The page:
One of the main reasons we study literature from different cultures and different times is to learn about the people who wrote the stories down. From “Beowulf”, we can speculate on the values, religion and culture of Anglo-Saxon people through the values of allegiance to lord and king, love of glory as the ruling motive of every noble life, and the inevitability of fate.
In Beowulf the warriors were sworn to protect and serve their lord and in exchange for such allegiance. Hrothgar was expected to bestow riches and social standing upon them. This allegiance and reward is an important theme in the book. Loyalty was shown to Hrothgar by his warriors so he built Herot for their convenience. Wiglaf returned to Beowulf despite his men’s decision to turn their back on him during his time of need because he is loyal to Beowulf. Anglo-Saxons believed in allegiance to their lord and king so they would be rewarded with protection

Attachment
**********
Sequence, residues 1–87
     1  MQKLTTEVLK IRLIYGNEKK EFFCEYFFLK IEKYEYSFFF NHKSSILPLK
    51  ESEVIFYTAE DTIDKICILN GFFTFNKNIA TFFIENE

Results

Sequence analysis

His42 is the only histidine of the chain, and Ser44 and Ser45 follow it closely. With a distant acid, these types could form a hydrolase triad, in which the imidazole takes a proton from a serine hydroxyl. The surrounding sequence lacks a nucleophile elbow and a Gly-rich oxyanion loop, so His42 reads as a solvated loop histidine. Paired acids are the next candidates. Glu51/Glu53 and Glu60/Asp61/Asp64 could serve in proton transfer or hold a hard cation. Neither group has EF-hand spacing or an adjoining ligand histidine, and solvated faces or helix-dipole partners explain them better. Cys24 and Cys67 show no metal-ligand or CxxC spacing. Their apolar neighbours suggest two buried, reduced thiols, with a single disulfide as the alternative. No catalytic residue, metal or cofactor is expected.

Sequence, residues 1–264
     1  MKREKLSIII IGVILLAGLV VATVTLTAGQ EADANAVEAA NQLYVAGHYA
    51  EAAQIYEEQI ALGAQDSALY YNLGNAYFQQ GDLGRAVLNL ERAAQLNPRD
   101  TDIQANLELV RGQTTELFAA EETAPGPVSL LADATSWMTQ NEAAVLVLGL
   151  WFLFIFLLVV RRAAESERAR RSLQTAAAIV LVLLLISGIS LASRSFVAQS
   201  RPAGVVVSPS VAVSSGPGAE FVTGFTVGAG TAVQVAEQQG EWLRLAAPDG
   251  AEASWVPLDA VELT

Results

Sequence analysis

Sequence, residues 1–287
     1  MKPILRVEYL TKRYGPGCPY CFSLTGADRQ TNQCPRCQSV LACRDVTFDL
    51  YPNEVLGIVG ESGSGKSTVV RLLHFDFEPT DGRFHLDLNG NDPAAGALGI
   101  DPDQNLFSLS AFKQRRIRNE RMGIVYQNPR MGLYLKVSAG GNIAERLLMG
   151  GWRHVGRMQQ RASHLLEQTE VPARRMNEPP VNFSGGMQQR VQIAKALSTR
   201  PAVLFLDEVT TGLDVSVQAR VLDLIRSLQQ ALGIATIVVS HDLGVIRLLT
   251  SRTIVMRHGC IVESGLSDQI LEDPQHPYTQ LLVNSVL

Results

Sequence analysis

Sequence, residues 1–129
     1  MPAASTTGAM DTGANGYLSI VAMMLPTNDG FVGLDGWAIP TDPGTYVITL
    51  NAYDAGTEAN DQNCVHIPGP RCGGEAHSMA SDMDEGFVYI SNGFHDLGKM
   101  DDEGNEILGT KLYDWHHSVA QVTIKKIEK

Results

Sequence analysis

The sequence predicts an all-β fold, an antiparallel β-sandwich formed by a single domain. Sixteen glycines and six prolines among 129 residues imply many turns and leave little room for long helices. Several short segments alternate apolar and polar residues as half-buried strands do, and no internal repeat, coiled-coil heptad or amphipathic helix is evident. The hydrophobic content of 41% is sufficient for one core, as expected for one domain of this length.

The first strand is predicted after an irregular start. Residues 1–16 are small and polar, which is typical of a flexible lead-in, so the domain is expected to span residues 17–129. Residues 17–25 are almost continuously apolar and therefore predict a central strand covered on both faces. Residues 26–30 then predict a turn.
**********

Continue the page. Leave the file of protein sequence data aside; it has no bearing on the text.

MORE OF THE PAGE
Love of glory, fame, and recognition was important to the Anglo-Saxon culture. Beowulf displays examples of boasting. He shows his heroic characteristics as he boasts before Hrothgar and first says, “Hail, Hrothgar!” He also portrays heroism as he come across Unferth, where explaining the swimming event with Brecca allowed him to boast about his strength and physical abilities. After defeating Grendel he displays Grendel’s arm to show his victory. Fate is what determines one’s future, success or failure, is an often used aspect throughout this epic. Beowulf symbolizes fate as the determining factor of who will win the battle saying that God will decide what will happen. Allegiance to lord and king, Love of glory as the ruling motive of every noble life, and the overall belief in the inevitability of fate were the main Anglo-Saxon ideals. Fate is a matter of interpretation depending on the religious background of a person. Fate can not be controlled. “Life can seem as a simple strategy game and those who place their game pieces in the best...
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